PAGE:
Distracted Driving Prompts New Cell Phone Restrictions in California
On September 26th, Governor Jerry Brown signed a new state law (Assembly Bill 1785) expanding California’s restrictions on cell phone use while driving.
As of January 1, 2017, “holding and operating” a mobile phone for any reason while driving in California will be against the law. The exception to this rule is motorists using smartphones that are mounted to the dashboard or windshield for functions that require a single swipe motion or tap of the driver’s finger. Launching apps and surfing the web is outlawed.
According to Distraction.gov, here are the current California state laws including the latest restrictions:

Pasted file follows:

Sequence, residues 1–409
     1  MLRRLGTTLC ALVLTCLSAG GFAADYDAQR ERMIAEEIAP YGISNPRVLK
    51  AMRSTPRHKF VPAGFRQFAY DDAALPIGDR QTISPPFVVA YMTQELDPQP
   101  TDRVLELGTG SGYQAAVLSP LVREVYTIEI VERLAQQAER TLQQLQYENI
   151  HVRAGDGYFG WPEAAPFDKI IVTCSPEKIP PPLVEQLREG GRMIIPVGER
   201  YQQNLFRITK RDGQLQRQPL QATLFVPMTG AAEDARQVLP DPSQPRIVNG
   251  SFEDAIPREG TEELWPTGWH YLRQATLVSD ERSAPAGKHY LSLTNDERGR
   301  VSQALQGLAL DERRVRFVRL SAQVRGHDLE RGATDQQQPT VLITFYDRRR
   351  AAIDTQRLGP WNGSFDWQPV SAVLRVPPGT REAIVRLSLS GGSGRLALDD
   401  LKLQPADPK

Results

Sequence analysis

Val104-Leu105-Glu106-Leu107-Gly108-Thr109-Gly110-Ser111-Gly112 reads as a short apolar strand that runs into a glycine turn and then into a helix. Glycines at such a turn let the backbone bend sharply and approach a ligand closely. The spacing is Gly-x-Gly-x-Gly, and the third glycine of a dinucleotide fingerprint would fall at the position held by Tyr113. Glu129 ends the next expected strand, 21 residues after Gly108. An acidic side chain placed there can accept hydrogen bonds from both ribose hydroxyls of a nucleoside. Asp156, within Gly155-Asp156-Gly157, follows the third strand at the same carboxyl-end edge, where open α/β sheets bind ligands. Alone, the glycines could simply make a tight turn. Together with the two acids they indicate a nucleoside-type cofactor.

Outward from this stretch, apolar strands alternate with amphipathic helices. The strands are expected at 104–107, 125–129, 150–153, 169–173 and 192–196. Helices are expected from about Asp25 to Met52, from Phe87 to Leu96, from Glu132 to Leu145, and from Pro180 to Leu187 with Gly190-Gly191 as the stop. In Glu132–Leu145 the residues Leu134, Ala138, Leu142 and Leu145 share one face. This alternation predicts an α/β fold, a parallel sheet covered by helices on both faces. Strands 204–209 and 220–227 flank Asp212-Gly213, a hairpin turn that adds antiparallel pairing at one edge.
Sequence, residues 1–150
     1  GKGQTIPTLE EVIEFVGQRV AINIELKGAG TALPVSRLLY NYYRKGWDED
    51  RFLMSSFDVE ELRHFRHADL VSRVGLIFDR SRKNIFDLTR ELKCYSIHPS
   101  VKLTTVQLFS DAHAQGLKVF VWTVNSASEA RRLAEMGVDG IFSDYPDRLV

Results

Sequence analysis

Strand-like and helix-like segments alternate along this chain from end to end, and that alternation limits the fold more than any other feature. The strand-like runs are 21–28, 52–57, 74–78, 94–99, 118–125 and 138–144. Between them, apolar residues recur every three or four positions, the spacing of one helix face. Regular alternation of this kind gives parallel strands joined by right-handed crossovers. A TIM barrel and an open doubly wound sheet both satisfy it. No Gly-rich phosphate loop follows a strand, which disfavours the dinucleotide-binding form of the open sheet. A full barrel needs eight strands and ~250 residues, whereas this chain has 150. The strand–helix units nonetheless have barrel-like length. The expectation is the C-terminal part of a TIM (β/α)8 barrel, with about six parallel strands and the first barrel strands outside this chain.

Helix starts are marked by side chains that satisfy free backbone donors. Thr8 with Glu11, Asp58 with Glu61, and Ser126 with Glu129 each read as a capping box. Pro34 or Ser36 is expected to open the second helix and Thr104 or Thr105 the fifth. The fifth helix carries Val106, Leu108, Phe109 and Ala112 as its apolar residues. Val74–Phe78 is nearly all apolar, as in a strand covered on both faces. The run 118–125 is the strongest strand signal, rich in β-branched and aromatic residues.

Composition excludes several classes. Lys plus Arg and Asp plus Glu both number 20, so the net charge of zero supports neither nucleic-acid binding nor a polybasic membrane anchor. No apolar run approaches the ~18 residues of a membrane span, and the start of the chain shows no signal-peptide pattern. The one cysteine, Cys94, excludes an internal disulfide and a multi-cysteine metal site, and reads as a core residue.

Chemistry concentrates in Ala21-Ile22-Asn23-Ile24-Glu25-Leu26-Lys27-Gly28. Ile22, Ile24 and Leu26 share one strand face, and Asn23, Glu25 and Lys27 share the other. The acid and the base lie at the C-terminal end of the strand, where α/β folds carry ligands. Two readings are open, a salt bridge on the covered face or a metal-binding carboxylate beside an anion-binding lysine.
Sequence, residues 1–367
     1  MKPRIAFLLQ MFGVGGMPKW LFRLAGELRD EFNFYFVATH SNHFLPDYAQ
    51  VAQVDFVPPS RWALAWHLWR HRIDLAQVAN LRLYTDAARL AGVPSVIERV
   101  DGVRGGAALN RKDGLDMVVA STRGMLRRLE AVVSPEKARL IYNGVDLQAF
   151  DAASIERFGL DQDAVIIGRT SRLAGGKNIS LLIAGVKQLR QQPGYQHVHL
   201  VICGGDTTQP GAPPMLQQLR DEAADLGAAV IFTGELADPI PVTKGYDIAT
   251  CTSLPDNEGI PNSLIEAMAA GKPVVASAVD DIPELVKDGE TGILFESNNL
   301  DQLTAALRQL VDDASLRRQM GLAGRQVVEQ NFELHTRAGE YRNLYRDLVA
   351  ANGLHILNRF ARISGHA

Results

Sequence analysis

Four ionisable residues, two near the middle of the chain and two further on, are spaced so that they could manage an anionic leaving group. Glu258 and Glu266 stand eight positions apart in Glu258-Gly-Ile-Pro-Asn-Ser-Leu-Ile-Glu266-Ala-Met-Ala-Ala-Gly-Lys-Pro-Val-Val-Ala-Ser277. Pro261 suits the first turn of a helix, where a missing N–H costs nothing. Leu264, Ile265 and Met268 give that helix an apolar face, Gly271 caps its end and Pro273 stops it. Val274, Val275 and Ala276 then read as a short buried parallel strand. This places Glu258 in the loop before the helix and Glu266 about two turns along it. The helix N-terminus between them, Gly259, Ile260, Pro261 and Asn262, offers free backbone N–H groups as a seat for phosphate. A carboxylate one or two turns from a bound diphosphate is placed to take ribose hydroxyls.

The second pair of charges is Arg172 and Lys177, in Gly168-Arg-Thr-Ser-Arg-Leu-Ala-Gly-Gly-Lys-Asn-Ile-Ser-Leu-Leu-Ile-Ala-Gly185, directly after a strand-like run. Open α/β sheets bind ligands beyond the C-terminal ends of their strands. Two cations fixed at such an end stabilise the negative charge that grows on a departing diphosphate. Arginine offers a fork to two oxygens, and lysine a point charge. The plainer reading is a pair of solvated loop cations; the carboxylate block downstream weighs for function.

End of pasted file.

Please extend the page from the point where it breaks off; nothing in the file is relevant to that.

- Handheld ban for drivers of all ages (Primary law)
- Ban on all cell phone use (handheld and hands-free) for bus drivers (Primary law)
- Ban on all cell phone use (handheld and hands-free) for novice drivers (Secondary law)
- Ban on texting for drivers of all ages (Primary law)
Note: California defines novice drivers as drivers of all ages under the age of 18.
The first restrictions on cellphone use while driving in California were passed by the Legislature in 2006. Existing laws ban drivers from calling and texting while on the road unless using a hands-free device (e.g. Bluetooth). However, using navigation apps was not illegal under current law. The bill was introduced by Assemblyman Bill Quirk in order to prevent distracted driving.
80 percent of all crashes result from distracted driving/driver inattention. In 2014, 3,179 people were killed, and 431,000 were injured in motor vehicle crashes involving distracted drivers.
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